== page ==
Hercule Poirot attends a dinner party in which one of the guests clutches his throat and suddenly dies. The cause seems to be natural until another party with most of the same guests produces another corpse.
An American movie actress, best known for playing dumb blondes, is Scotland Yard's prime suspect when her husband, Lord Edgware, is murdered. The great detective, Hercule Poirot, digs deeper into the case.
A friend of Miss Marple's sees a woman being strangled in a passing train. When police cannot find a body and doubt the story, Miss Marple enlists professional housekeeper, Lucy Eyelesbarrow, to go undercover.
When Gerry Wade sleeps in and is late for breakfast, his friends find that he has a very good reason - he's been murdered. Lady Eileen Brent, known to her friends as Bundle and in whose bed Wade died, returns home and decides to investigate. When a second man is killed, he mentions something about " ...seven dials...tell Jimmy Thesiger..." but Thesiger has no idea what he was talking about. What they learn is of the existence of a secret society and of a hugely valuable formula for making a specialized form of steel. But who exactly is behind the two murders and why were they killed? Written by
The roman numeral for the "eleven" o'clock position on the hoods is reversed reading 'IX' instead of 'XI'. Later in the movie it is corrected but they didn't make new hoods; instead they inked over the leading 'I' and added an 'I' after the 'X'. See more »
Marquis of Caterhan:
You really shouldn't go about shooting people, you know. They don't like it. I dare say some of them richly deserve it, but it only leads to trouble in the end.
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I have an all-encompassing quest to experience films in a lucid, coherent way. Within that are several little projects that have become hypnotic vortices of their own. One of these, in a sort of self-referential way is the quest for the best film of a Christie novel.
This comes close in terms of Christiness. That's because it is a pretty faithful rendering of the book. As such, it follows her nice form of introductions. In these novels, it is all a game of defining people that sew into each other. The people come first and we find of course that by the end we have sewn them together incorrectly because of the simple order in which they were introduced.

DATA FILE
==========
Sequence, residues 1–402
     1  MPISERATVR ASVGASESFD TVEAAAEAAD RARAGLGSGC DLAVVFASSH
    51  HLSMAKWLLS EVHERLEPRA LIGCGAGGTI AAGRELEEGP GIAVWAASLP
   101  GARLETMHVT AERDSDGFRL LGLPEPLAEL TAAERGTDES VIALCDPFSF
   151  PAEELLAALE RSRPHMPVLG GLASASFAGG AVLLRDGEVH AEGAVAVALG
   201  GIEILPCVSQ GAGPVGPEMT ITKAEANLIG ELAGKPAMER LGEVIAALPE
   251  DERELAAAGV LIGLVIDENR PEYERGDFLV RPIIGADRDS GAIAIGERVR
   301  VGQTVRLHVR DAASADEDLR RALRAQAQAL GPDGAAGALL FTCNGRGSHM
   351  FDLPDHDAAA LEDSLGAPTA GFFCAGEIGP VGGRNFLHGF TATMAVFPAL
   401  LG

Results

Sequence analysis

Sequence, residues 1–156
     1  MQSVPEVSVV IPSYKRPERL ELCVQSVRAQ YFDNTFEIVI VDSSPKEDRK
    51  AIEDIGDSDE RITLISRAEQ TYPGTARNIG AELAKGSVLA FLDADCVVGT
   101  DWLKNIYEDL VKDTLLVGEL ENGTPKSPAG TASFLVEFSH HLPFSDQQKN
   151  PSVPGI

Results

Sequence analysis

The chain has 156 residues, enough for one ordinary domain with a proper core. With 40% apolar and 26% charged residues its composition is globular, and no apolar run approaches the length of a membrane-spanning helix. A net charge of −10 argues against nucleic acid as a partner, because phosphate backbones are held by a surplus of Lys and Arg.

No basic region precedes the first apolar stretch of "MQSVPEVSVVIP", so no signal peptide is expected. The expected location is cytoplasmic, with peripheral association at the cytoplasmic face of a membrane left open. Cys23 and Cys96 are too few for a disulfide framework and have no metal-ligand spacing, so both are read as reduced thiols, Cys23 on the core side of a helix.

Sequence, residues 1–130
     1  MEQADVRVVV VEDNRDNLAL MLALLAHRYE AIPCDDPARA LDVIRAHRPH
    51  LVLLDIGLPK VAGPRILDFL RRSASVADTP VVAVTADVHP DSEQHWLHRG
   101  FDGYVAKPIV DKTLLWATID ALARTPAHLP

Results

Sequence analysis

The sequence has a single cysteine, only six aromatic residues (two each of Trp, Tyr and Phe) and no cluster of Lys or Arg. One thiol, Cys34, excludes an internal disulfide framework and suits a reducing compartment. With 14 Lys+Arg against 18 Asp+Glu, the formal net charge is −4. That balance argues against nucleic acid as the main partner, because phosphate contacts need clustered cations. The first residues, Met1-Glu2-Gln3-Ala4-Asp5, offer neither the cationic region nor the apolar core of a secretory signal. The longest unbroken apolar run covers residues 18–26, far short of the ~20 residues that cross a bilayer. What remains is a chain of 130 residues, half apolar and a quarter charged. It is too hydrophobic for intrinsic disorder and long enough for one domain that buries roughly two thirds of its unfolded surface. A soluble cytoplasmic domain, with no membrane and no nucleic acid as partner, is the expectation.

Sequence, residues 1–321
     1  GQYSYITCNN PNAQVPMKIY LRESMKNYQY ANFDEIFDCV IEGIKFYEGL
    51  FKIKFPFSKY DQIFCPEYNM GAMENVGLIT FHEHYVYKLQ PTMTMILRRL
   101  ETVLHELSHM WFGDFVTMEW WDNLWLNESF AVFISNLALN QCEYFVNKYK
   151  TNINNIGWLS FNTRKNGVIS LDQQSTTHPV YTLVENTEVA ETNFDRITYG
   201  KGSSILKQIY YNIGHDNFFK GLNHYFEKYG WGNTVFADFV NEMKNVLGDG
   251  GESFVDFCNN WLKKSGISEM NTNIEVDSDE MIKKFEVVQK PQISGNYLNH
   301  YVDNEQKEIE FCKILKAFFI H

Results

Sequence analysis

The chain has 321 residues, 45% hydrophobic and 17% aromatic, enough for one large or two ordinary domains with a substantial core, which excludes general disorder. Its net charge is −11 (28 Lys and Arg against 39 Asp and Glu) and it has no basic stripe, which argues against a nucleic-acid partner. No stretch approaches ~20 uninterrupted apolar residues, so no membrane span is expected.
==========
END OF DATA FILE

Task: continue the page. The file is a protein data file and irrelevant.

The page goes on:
Christie (and others, Sayers) have this game of limited watching. Everything we see is true, but we don't see everything we need to in order to weave a coherent narrative until the end. That's when we revisit many scenes, which we "see again." Its all about seeing, really. And that's especially so when she writes book without her regular detectives. With the detectives, there is some internal sight, some mental perspectives, but with these it is purely about what is seen physically.
Here's the interesting part. Movies, and especially these puzzle movies are also about what we see and what we don't. That's the root of the cinematic experience. But Christie didn't write with a cinematic imagination. So the two conventions of visual trickery are close but not the same.
That's why I'm so fascinated by films of Christie stories. It is a wonderful cinematic challenge for the filmmaker, and in a way because all this is collaborative construction one for the viewer as well.
This adventure plays with secrets in three ways (signage, association and "state" secrets) and allows us to confuse them by natural assumptions that prove false. It is clever. As a book it is clever, I mean.
As a film, it goes on too long and asks us to accept some rather extreme portrayals.
Even with its length and observance of the story, there is a pretty jarring discontinuity between the first part of a large group of young, silly people. We need this large number to justify the eight clocks. But managing so many red herrings in a movie isn't feasible so all the girls are dropped.
Ted's Evaluation -- 2 of 3: Has some interesting elements.
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